Desi Arnaz, a refugee Cuban bongo player who loved Lucy for 10 of the most entertaining and profitable years in television history, died early today of cancer.
The bandleader-executive whose business acumen doomed live television and made him and Lucille Ball multimillionaires, was 69 and died of cancer in his home in Del Mar, a San Diego suburb. His daughter, Lucie, was at his side. His son, Desi Jr., and Ball were expected later today.
His doctor, Charles Campbell, said Arnaz “died of lung cancer. It was from smoking those Cuban cigars, that’s the truth.”
Reports that Arnaz was seriously ill had circulated since 1981, when he was hospitalized for what his wife, Edith Mack Hirsch, said at the time was a flare-up of diverticulitis, an inflammation of the intestinal tract for which he had undergone four operations in 1969 and 1970. Hirsch died last year.
From Oct. 15, 1951, to Sept. 24, 1961, Arnaz was Ricky Ricardo, the forbearing spouse of a wacky wife who spent much of her time trying to convince her musician husband that she too belonged in show business.
Thousands of Reruns
Arnaz as Ricky led the band at the mythical Tropicana Club and devoted his offstage efforts trying to placate the Lucy he wanted to be only a simple housewife.
Arnaz’s broken English coupled with the comedic greatness of Ball, and complemented by their neighbors and friends, Fred and Ethel Mertz, all conspired to transform that simple plot line into a show that for 180 episodes and through thousands of reruns kept Americana glued to its TV sets.
From 1952 to 1958, the show never ranked lower than third among all programs on the air. And the ratings were never higher than on the night of Jan. 19, 1953, when Lucy Ricardo gave birth to Ricky Jr. on the air as Ball was giving birth to her second child, Desiderio Alberto Arnaz y de Acha IV, at home.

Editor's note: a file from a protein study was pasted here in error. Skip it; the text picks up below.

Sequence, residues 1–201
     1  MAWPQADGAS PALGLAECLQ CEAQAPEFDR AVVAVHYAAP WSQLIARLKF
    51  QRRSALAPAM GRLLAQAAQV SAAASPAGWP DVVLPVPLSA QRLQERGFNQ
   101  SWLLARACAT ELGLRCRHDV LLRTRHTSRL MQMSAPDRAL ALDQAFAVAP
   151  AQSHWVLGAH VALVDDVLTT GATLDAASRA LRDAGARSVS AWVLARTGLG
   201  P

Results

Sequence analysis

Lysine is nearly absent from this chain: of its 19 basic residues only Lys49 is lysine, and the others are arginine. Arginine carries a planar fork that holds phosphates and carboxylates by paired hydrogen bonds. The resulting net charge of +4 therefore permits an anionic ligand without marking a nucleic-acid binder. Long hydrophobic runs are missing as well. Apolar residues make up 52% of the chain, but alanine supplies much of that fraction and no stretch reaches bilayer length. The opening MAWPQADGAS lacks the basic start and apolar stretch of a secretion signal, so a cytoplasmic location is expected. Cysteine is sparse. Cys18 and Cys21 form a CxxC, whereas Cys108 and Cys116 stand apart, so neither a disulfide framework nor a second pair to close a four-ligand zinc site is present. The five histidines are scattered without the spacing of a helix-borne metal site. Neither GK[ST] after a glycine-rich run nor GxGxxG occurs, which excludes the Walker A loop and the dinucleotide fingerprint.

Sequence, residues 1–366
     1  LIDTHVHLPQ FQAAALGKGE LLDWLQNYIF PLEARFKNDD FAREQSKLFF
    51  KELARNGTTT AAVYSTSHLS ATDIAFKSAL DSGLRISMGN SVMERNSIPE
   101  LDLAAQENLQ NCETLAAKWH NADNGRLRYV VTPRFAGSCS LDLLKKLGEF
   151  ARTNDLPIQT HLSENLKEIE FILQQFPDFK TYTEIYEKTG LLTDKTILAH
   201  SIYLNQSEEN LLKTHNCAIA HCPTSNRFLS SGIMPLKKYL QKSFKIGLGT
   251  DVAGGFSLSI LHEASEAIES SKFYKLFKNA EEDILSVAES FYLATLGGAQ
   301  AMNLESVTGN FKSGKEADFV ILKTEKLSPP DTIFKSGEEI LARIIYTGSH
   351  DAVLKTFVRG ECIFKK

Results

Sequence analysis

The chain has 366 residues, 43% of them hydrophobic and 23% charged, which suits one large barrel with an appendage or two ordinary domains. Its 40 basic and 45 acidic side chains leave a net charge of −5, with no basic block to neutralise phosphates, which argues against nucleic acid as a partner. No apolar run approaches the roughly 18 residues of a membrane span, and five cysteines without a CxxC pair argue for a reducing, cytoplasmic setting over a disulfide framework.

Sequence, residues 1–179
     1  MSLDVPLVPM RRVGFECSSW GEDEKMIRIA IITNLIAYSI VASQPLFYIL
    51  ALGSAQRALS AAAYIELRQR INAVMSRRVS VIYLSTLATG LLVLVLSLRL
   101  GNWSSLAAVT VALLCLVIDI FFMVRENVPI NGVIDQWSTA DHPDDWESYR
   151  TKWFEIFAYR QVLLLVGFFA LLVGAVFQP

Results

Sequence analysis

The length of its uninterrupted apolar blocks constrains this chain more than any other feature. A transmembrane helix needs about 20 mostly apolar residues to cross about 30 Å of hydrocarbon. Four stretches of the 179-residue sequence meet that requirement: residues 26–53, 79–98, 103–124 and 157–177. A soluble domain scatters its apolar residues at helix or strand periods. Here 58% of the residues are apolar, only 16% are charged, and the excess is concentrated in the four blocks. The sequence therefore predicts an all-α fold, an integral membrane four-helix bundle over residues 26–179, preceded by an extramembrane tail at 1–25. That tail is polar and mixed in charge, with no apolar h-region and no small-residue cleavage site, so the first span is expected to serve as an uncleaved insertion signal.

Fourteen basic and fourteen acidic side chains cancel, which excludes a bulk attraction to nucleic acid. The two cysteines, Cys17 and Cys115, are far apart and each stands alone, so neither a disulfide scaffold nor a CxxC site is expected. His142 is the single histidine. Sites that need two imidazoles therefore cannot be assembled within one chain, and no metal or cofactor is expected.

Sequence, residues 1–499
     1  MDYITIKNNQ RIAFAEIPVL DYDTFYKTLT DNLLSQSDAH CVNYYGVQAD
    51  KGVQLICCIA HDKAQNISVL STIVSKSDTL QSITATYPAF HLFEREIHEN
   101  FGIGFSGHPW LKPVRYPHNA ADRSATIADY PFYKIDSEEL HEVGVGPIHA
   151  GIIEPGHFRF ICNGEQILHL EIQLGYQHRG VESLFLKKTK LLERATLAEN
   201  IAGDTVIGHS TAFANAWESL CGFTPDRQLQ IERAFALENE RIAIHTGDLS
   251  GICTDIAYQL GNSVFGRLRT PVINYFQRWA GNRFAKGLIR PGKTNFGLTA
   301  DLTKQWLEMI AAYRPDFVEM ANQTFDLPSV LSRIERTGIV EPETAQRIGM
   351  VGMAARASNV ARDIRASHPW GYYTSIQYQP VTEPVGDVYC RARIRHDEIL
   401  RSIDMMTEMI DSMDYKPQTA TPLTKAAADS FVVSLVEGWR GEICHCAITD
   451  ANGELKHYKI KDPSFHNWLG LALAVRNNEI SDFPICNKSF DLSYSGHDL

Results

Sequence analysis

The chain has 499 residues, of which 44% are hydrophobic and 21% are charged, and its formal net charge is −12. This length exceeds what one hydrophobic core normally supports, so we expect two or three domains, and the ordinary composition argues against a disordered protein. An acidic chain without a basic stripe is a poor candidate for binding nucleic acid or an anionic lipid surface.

The infant’s father, Desiderio Arnaz III had come to the United States at 16, joined a Cuban combo and was soon leading his own band.
He landed a role in a Broadway show, “Too Many Girls” and met Ball, seven years his senior, when he came to Hollywood to make a film of that stage production. Within six months of their meeting they married.
Between Arnaz’s Army service in World War II and his band tours after the war, the couple was apart during many of the early years of their marriage.
Thus when Ball was approached about doing a TV series, she insisted that Arnaz be a part of the show. The couple also insisted that the show be filmed in front of a live audience so they could live in California rather than New York where television was being done live in 1951.
Arnaz pioneered a three-camera filming technique that is widespread today in which three cameras simultaneously filmed from different angles, with a final program combined later.
The process added $5,000 to the $19,500 weekly budget of the show, and CBS and sponsor Philip Morris agreed to put up an additional $2,000 each if Arnaz would pay the remaining $1,000.
He agreed, but only if he and his wife could own the shows. A few years later he sold them back to CBS for $4.5 million.